First, some background.
Since Eclipse Ganymede (3.4) p2 has been the provisioning platform of choice for Eclipse and Eclipse-based applications. p2 introduced many features such as own repository concept, artifact mirroring, general purpose provisioning, revert functionality and much more. Even though p2 has been used primarily for Eclipse provisioning and extending, the system has the potential to fit in many environments and scenarios. There is a p2.core feature that is decoupled from Eclipse and although it contains a fairly big number of bundles, I hope these will be reduced in future as some of them aren’t crucial for normal operations.
Basically all that is required is an Equinox based environment, although work is going on to support Felix too in future.
But what are p2 repositories?
As Eclipse adopted p2, more and more repositories started to emerge.
AFAIK there isn’t a central p2 repository for all Eclipse artifacts. The largest repository I’ve seen is the Eclipse features update site. To understand what a p2 repository looks like, take a look at an example produced by jetty-wtp build.
In a nutshell a p2 repository combines a metadata repository, used for resolution and an artifact repository, used for finding and collecting artifacts.
The most important characteristic of p2 repositories, and a substantial difference compared to Ivy and Maven repositories, is the separation of concerns – artifacts are decoupled from their metadata.
Ivy and Maven have a fixed notion of dependencies between artifacts at a single level of granularity (dependency on a whole artifact).
In theory p2 abstracts dependencies and use them for resolution – a dependency is identified by namespace + name + version, for instance:
- namespace=’java.package’ name=’javax.naming’ version=’1.0.0′
- namespace=’osgi.bundle’ name=’org.apache.log4j’ version=’1.5.0′
In practice this means we can depend not only on artifacts but on packages as well. That kind of flexibility and freedom of specifying the desired granularity level allows you to provision a target system containing only components you really need to use.
All in all the main difference between the technologies is their purpose. Ivy and Maven are build-time technologies that build and publish artifacts while p2 is used for provisioning which includes publishing, resolving, and installing already built artifacts either to a fresh system or alongside existing artifacts.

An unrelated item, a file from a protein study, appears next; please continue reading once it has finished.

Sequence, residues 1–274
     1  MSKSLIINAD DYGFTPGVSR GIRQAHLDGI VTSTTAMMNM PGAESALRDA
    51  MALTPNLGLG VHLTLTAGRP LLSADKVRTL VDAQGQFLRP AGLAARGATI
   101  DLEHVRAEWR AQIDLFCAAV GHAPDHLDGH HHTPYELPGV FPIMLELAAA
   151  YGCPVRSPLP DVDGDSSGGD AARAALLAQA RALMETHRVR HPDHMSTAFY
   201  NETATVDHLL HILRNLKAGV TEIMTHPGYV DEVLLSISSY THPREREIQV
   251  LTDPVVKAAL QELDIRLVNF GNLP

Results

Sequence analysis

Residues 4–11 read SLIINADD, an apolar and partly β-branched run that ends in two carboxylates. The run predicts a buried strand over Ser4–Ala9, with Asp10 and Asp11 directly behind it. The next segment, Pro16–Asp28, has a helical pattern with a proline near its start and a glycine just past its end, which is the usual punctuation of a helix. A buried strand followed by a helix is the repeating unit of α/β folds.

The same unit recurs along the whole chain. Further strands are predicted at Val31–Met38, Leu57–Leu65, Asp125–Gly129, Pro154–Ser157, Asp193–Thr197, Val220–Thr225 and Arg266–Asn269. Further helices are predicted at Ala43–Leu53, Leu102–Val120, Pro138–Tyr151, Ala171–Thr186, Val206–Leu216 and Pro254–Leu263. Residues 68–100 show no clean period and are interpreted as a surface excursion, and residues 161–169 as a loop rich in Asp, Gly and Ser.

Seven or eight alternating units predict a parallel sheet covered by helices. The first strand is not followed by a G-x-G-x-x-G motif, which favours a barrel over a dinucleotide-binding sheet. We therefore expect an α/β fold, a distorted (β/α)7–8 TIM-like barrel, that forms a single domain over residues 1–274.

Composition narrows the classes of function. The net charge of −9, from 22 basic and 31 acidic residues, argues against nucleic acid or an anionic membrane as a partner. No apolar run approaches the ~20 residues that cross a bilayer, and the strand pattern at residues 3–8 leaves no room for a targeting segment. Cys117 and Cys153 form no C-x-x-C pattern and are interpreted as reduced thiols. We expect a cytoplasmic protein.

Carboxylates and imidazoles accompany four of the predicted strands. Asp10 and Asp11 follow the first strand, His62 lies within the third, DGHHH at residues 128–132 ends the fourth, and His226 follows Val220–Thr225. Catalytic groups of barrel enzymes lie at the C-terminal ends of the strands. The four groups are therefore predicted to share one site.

p2’s metadata repository contains installable units that represent the artifacts. An installable unit(IU) contains the minimal information required for resolution and installation. An IU is also the minimal unit of a provisioning operation. A metadata repository may also contain features which are used to group installable units.
Below is a sample unit from the p2 metadata repository for Gemini Management. The complete metadata is contained within the content.xml file. In this particular example p2’s repository compression feature was used that’s why you’ll find the xml file zipped in the content.jar file.
The artifact repository contains simple declarations of the artifacts contained in the repository. Crucially, mapping rules define how the declared artifacts map to the filesystem in relation of the artifacts.xml location.
p2 repositories are easily created with p2 Eclipse tooling or using Maven with tycho‘s p2 publisher plugin. You can put a p2 repository almost anywhere, although it makes sense to put repositories where they can be most easily accessed.
An example of a Maven job is the pom.xml of the Gemini Management p2 repository. (ignore the <profiles> element)
You can find out more about p2 usage and p2 repositories here.
Development and p2
When developing in Eclipse these days people tend to use target platforms and MANIFESTs to manage their component’s dependencies.